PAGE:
Kareem Abdul Jabbar wrote that the decision to sell a large collection of memorabilia was “pretty simple” when he considered how the money could be used to benefit children. Now his Skyhook Foundation has nearly $3 million to continue its efforts to “give kids a shot that can’t be blocked.”
Abdul-Jabbar put 234 pieces of memorabilia from his legendary career up for sale through Goldin Auctions, and the lots sold for $2,947,872.25, according to ESPN. Abdul-Jabbar said “much of the proceeds” will go to his Skyhook Foundation charity, which helps children learn about science, technology, engineering and math.
The centerpieces of the collection were four of Abdul-Jabbar’s Los Angeles Lakers championship rings from the 1980s. His 1987 title ring was the highest-selling item in the entire collection, fetching $398,937.50.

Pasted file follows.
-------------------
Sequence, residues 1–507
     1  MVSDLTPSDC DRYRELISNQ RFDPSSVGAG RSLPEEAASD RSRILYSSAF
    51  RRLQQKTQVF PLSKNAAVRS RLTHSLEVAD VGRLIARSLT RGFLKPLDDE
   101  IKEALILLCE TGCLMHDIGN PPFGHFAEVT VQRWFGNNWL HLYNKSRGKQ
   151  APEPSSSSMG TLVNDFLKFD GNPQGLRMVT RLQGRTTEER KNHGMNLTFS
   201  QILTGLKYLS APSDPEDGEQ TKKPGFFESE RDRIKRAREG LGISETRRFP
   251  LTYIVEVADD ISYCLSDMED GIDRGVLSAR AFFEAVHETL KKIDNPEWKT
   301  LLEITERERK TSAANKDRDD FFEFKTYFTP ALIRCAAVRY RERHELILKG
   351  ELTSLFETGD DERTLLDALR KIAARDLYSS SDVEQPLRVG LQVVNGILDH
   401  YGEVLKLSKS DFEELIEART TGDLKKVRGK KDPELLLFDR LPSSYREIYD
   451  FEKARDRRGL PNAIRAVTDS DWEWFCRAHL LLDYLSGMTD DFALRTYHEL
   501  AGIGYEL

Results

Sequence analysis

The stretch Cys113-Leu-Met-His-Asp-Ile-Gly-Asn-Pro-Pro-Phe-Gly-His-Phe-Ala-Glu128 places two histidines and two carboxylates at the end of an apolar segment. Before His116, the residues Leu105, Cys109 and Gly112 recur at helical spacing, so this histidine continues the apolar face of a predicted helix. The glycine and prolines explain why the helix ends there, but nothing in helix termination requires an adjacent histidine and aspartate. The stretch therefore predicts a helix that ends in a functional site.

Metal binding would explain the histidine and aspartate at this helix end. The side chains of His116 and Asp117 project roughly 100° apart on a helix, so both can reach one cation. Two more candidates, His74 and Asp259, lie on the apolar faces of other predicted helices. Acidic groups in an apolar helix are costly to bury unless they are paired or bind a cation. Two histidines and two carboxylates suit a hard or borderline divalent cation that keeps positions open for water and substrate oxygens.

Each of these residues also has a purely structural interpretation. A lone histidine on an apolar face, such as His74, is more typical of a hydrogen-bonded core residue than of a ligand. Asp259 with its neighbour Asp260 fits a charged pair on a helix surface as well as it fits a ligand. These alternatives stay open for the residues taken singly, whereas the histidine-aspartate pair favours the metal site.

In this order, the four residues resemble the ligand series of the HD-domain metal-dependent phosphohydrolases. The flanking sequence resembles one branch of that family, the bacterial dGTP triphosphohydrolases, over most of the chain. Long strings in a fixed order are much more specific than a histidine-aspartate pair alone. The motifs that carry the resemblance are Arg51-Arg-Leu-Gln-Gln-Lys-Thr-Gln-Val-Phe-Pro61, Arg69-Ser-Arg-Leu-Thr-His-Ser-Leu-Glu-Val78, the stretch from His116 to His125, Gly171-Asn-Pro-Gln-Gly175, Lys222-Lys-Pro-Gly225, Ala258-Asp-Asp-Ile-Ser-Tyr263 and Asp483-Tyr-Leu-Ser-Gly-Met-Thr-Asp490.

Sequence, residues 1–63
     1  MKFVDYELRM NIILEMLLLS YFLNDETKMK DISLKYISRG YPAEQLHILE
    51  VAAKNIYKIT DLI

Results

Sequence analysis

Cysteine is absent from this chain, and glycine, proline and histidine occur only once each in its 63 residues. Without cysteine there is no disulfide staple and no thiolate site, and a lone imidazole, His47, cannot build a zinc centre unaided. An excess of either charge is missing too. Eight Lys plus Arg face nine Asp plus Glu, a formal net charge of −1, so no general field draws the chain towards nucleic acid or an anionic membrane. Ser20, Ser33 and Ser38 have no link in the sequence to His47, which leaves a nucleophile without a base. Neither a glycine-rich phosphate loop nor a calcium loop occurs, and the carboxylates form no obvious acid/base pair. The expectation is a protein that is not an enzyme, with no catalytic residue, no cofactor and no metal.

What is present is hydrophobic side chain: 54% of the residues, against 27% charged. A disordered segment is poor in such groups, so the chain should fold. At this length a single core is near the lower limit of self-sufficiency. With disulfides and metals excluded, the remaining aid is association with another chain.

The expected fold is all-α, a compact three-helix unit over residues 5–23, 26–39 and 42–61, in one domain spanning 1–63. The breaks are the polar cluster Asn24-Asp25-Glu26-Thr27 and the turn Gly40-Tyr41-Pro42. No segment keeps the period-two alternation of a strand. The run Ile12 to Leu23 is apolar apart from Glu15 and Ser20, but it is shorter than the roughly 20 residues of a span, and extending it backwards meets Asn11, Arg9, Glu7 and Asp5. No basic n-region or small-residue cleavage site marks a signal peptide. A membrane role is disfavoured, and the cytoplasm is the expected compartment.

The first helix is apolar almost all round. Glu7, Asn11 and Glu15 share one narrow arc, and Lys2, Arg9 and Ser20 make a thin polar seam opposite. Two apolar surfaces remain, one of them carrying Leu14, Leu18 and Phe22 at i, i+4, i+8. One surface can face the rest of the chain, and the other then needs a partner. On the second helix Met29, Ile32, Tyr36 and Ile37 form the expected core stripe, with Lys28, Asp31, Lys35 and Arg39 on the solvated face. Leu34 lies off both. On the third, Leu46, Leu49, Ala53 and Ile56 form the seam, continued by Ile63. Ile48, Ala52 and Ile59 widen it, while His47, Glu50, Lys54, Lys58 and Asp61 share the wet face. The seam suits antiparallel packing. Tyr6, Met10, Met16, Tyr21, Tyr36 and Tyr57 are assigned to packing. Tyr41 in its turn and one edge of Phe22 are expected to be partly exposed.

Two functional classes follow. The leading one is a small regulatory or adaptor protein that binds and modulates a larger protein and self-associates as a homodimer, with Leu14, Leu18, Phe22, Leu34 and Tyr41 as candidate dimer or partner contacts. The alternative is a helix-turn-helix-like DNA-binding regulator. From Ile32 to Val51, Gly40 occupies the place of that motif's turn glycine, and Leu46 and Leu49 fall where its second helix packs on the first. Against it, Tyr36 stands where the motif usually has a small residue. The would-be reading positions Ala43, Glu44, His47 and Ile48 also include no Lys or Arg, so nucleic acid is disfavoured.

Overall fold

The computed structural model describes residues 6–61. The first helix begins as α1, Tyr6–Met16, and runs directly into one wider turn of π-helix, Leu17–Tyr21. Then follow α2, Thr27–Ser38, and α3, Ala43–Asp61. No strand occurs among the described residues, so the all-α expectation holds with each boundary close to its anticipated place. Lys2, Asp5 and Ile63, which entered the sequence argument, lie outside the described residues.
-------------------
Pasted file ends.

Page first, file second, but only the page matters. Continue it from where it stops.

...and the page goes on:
Abdul-Jabbar’s 1985 ring had the next highest bid at $343,700, while his rings from 1980 and 1988 sold for $245,500 each.
An autographed basketball from Abdul-Jabbar’s final regular-season NBA game in 1989 sold for $270,050. Abdul-Jabbar’s NBA MVP trophies from 1972, 1974 and 1976 also sold for six figures at over $120,000 each.
In a post on the Goldin Auctions website from September, the 71-year-old Abdul-Jabbar wrote that he was “on a solid financial path” and not auctioning the collection for his own gain. “There is a long list of athletes who have sold their prized memorabilia in order to keep the debt collectors at bay. Fortunately, that’s not the case for me.”
Instead he chose to auction the lot to benefit his charity.
“When it comes to choosing between storing a championship ring or trophy in a room, or providing kids with an opportunity to change their lives, the choice is pretty simple. Sell it all.
“Looking back on what I have done with my life, instead of gazing at the sparkle of jewels or gold plating celebrating something I did a long time ago, I’d rather look into the delighted face of a child holding their first caterpillar and think about what I might be doing for their future.”
The entire collection of memorabilia, with winning bids, can be browsed on the Goldin Auction website here.
Follow Matt Eppers on Twitter @meppers_.